Impact of Renewable Generation on Operational Reserves Requirement: When More Could Be Less

How changes in regulations allowed wind power to increase in Texas without increasing operational reserves

2 min read
turbine rotor in a gas turbine
Photo: Maurizio Gambarini/AP Photo

The Full Cost of Electricity project seeks to understand the factors involved in the cost causation of electricity. Among other things, the project seeks to understand costs associated with renewable generation integration.

The variability of renewable generation poses several challenges to reliable operation of power systems. Operational reserves—additional available online generation capacity—is used to compensate for variability in both load and generation. It is natural to think that, as the installed power of renewable generation increases, more reserves will be required. To test this intuition we explored trends in data from the Electric Reliability Council of Texas (ERCOT).  The historical procured regulating reserve data from ERCOT show that, although installed wind power has significantly increased over time, reserve requirements have decreased.

The trends are counter to intuition and require explanation.  Our white paper for The Full Cost of Electricity study of the Energy Institute at The University of Texas at Austin, “Impact of renewable generation on operational reserves requirements: When more could be less,” [PDF] sheds light on the reasons behind the decrease in procured operational reserves in ERCOT despite increasing wind power capacity and generation.

The explanation for the fact that regulating reserves decreased while wind power increased is that several of ERCOT’s operational rules have changed over time, and these changes have affected the system requirements for reserves.  We performed a statistical analysis of the ERCOT historical data to identify the significance of the change from a zonal (a handful of price points every 15 minutes) to a nodal (100s of price points every 5 minutes) market structure as well as several additional network protocol revisions.

The results suggest that the decreases in requirements for procured regulating reserves due to the change from the zonal to nodal market in 2010 have been more significant than the changes in requirements due to increases in installed wind power capacity of around 8,000 MW during the period from 2007 to 2013. Several additional changes in ERCOT protocols after 2010 have further reduced the need for regulating reserves.  This observation motivates the exploration of better ways to operate the grid allowing more renewable integration without significant additional cost due to its variability. The overall picture is an 8,000 MW increase in the total wind capacity without an increase in the need for operational reserves.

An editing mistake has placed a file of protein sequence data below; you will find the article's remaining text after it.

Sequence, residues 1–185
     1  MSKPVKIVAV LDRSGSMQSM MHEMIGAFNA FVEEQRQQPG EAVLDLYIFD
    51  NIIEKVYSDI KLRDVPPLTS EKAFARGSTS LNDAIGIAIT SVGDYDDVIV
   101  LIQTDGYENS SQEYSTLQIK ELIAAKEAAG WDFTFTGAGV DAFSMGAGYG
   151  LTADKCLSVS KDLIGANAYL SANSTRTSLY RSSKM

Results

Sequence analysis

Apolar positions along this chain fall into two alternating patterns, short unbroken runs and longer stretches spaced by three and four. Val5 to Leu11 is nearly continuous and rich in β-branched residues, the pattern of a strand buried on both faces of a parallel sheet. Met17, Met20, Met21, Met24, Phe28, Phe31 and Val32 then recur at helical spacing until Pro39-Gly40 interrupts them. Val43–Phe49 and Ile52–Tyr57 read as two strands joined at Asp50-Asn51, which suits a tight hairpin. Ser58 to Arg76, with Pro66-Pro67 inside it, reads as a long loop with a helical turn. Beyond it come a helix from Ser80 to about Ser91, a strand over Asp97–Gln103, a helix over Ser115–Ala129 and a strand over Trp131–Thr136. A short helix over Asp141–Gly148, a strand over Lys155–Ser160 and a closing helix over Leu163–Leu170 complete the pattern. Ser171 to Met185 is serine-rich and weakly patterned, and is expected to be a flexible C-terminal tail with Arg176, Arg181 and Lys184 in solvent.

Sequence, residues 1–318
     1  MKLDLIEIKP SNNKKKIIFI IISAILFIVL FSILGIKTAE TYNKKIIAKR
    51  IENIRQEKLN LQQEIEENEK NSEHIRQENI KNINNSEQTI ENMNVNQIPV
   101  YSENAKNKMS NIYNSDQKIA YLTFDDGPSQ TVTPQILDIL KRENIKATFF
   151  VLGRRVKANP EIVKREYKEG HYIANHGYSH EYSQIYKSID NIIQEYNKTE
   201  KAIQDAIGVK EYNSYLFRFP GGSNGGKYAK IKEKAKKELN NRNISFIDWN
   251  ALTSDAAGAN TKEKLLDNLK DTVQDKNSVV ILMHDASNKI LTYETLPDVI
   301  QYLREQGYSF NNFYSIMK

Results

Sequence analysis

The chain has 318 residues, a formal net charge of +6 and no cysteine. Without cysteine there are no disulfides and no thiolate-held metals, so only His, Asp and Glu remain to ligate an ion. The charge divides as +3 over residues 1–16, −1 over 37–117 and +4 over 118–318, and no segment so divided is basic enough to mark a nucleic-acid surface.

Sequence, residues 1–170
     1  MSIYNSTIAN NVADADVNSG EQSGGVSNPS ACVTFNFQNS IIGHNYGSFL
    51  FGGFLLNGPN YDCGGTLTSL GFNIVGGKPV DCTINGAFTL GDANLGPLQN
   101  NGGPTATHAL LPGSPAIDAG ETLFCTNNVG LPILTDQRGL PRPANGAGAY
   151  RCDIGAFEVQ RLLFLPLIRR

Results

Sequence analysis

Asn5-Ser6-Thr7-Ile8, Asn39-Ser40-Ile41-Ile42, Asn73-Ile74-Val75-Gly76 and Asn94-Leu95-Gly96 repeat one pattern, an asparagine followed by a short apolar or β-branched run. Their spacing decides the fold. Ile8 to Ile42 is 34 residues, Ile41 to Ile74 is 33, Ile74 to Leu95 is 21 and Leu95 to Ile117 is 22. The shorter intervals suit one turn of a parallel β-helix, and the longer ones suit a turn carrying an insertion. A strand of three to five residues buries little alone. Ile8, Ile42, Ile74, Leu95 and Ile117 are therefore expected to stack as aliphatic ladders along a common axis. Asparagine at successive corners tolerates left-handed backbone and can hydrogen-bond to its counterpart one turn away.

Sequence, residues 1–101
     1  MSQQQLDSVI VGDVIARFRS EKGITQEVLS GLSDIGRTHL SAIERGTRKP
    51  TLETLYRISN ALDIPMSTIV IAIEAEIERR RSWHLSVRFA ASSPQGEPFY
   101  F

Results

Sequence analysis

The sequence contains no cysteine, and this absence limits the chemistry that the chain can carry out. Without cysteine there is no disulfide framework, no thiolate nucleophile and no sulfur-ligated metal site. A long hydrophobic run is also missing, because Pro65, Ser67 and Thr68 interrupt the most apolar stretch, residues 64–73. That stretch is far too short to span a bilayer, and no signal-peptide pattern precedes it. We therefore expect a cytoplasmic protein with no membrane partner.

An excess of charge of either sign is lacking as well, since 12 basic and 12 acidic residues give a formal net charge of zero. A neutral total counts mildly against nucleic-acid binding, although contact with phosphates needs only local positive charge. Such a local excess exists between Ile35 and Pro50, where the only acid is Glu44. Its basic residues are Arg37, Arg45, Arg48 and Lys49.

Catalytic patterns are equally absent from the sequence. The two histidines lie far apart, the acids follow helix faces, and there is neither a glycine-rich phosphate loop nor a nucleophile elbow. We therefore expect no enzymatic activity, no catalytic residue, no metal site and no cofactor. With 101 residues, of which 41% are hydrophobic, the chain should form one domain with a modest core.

This post was corrected on 3 April 2017 to fix an editing error.

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Here’s How We Could Brighten Clouds to Cool the Earth

"Ship tracks" over the ocean reveal a new strategy to fight climate change

12 min read
Silver and blue equipment in the bottom left. A large white spray comes from a nozzle at the center end.

An effervescent nozzle sprays tiny droplets of saltwater inside the team's testing tent.

Kate Murphy

As we confront the enormous challenge of climate change, we should take inspiration from even the most unlikely sources. Take, for example, the tens of thousands of fossil-fueled ships that chug across the ocean, spewing plumes of pollutants that contribute to acid rain, ozone depletion, respiratory ailments, and global warming.

The particles produced by these ship emissions can also create brighter clouds, which in turn can produce a cooling effect via processes that occur naturally in our atmosphere. What if we could achieve this cooling effect without simultaneously releasing the greenhouse gases and toxic pollutants that ships emit? That's the question the Marine Cloud Brightening (MCB) Project intends to answer.

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